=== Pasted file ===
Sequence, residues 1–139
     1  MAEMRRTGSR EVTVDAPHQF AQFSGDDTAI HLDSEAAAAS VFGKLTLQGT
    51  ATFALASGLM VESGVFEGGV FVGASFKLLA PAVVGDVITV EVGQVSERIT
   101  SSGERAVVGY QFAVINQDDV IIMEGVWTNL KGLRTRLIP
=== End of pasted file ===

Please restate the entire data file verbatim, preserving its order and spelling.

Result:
Sequence, residues 1–139
     1  MAEMRRTGSR EVTVDAPHQF AQFSGDDTAI HLDSEAAAAS VFGKLTLQGT
    51  ATFALASGLM VESGVFEGGV FVGASFKLLA PAVVGDVITV EVGQVSERIT
   101  SSGERAVVGY QFAVINQDDV IIMEGVWTNL KGLRTRLIP